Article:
There has been a 17% decline in job postings in the first half of 2023 compared with the previous year, according to new research from the job site.
Over the same period, there has been a 29% rise in job applications.
Speaking to HR magazine, Reed said: "The significant drop in job postings, coupled with the surge in job applications, indicates a radical shift from a sellers’ market to a buyers’ market for talent.
“This likely marks the end of the candidate-led labour market that emerged post-pandemic, as the balance of power tilts back towards employers.”
More about the labour market:
The average salary across every sector rose in the first half of 2023 compared with last year.
Sectors that saw the greatest rise include fast-moving consumer goods (21%) and charity sectors (14.5%).
Meanwhile, roles in the scientific (2%), financial services (2%) and HR (0.5%) sectors experienced the least growth in average salary offerings.
Reed added: “As employers regain control over the hiring process, this has the potential to impact everything from salary negotiations to the remote working arrangements that have become essential for employers looking to attract and retain talent.”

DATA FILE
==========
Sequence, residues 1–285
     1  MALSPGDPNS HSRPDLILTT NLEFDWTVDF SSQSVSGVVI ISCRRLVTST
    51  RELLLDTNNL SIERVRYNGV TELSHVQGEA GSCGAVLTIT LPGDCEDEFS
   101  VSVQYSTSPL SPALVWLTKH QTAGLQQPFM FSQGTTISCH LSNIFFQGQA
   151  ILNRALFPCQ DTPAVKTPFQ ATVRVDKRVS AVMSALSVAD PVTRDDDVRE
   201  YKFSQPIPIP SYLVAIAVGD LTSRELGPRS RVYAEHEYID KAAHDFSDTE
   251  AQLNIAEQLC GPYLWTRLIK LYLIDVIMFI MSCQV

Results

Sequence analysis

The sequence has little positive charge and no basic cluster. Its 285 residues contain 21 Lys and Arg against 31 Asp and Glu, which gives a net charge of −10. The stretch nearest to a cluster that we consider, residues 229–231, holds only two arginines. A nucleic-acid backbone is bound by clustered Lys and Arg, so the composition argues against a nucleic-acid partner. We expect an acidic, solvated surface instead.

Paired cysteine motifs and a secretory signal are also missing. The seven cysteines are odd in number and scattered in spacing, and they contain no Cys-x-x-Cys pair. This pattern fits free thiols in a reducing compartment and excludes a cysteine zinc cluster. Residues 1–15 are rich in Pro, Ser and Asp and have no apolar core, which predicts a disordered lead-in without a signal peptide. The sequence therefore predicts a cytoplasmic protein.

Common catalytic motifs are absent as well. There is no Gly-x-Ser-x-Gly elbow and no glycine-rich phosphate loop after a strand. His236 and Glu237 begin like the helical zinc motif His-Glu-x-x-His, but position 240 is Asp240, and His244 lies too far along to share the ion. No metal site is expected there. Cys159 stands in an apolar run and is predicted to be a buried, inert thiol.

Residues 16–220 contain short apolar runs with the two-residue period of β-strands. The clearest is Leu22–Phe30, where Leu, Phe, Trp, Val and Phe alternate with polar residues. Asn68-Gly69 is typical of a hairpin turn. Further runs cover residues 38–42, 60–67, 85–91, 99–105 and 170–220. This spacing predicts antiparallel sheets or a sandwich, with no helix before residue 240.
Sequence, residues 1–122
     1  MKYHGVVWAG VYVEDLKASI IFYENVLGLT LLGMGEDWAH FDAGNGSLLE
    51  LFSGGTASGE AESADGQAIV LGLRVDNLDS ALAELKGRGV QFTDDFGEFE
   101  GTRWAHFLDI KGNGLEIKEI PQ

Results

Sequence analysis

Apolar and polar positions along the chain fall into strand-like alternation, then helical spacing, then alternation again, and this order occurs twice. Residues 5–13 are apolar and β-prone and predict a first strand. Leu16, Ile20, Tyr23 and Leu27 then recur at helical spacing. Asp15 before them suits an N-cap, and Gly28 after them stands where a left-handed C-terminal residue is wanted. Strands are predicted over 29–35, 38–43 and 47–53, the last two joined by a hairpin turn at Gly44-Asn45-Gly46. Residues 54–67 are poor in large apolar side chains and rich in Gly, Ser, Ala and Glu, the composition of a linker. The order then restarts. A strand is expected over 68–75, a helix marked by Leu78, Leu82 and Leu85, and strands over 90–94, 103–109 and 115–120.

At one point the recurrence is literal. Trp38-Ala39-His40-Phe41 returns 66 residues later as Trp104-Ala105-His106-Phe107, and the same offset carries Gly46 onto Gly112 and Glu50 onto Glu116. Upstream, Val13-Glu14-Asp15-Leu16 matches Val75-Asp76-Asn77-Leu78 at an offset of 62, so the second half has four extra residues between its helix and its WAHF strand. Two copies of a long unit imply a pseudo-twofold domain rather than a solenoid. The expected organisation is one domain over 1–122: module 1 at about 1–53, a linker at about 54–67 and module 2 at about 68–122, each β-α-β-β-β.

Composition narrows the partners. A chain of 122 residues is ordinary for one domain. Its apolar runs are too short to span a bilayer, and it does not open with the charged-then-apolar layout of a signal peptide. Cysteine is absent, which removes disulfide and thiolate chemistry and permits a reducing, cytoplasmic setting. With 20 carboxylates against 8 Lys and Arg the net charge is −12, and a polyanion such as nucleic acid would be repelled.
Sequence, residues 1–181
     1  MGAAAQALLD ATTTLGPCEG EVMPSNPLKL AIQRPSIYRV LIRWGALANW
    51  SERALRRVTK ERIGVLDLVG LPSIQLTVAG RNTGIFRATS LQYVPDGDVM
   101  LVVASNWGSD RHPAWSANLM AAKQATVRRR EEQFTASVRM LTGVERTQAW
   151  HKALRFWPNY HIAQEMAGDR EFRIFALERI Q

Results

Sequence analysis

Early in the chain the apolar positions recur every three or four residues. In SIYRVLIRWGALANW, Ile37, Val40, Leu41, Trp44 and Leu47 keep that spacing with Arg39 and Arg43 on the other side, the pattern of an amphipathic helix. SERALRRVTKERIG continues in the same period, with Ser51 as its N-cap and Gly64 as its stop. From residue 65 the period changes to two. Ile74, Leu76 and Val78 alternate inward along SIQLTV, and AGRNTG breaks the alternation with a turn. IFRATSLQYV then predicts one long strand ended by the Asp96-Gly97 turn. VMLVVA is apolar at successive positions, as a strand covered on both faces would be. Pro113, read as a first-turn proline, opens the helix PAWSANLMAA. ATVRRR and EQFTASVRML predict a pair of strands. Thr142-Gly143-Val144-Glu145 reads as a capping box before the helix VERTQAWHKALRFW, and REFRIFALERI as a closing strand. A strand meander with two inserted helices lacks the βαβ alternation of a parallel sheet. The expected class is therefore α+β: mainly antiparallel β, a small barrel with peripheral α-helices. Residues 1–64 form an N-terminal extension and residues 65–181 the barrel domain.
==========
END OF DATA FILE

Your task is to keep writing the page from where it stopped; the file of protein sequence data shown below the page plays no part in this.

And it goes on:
On 10 July this year, the Recruitment and Employment Confederation (REC) Report on Jobs showed candidate availability expanding at the quickest rate in two and a half years.
Neil Carberry, chief executive of the REC said skill shortages persist despite this trend. He said: “The labour market remains very tight. There are still broad skills shortages, with accountancy, construction, teaching and nursing struggling to find and retain workers.
“Progress should start with action on skills and immigration, but also accelerating steps on childcare, transport and back-to-work support.”
Reed said employers should stay focused on retention despite more candidates being available in some sectors.
He said: “Investing in securing the right people now will position businesses for success when the economic recovery begins.
“Business leaders should also ensure staff are being paid fairly for their efforts by taking a generous view and increasing wages wherever possible.”